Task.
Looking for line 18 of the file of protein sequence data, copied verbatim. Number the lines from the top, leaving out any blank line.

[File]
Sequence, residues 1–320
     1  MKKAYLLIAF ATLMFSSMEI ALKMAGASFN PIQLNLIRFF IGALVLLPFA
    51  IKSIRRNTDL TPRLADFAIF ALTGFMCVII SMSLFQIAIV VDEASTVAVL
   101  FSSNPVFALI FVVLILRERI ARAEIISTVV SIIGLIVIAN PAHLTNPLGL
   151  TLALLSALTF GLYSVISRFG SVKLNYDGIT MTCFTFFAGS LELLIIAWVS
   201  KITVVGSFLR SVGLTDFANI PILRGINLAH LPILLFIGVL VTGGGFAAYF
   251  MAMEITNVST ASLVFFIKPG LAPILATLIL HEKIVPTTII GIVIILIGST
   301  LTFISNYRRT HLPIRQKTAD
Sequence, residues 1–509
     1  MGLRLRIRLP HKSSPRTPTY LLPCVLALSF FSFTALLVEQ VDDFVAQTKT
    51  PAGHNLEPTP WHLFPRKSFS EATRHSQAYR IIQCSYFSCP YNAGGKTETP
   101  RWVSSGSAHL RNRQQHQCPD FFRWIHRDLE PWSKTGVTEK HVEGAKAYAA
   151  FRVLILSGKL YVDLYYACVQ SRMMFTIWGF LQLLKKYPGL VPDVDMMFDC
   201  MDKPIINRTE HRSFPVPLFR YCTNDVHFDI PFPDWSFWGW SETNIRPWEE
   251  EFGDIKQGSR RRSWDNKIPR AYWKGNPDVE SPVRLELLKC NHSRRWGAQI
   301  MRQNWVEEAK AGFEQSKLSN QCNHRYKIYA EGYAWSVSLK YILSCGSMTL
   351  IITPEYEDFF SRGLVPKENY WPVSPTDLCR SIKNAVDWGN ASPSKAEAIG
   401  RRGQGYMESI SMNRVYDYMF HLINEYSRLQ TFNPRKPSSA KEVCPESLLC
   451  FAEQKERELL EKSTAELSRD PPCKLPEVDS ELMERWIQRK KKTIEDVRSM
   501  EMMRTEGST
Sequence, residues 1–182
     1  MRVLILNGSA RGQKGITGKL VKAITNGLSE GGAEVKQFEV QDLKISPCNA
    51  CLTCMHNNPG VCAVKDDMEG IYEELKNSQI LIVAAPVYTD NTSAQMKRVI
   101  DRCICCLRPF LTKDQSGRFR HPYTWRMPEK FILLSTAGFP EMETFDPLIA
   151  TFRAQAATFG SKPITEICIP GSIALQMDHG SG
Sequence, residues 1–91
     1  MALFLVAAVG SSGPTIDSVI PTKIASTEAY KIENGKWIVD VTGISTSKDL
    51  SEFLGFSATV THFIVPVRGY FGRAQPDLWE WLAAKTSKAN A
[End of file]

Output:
   401  RRGQGYMESI SMNRVYDYMF HLINEYSRLQ TFNPRKPSSA KEVCPESLLC